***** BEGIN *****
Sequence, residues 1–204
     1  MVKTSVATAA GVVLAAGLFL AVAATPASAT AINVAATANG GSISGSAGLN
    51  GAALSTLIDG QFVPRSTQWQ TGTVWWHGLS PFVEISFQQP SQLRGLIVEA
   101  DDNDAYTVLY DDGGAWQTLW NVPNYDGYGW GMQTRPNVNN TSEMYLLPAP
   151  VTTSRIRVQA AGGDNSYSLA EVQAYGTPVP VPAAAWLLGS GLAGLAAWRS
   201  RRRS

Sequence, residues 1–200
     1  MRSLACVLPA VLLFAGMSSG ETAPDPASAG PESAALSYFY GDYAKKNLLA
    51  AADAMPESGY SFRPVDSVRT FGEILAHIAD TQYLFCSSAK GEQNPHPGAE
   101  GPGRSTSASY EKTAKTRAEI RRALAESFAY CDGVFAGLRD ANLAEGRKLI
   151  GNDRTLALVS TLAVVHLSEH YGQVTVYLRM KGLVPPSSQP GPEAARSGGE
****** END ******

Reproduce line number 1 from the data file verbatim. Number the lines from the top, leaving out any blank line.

Sequence, residues 1–204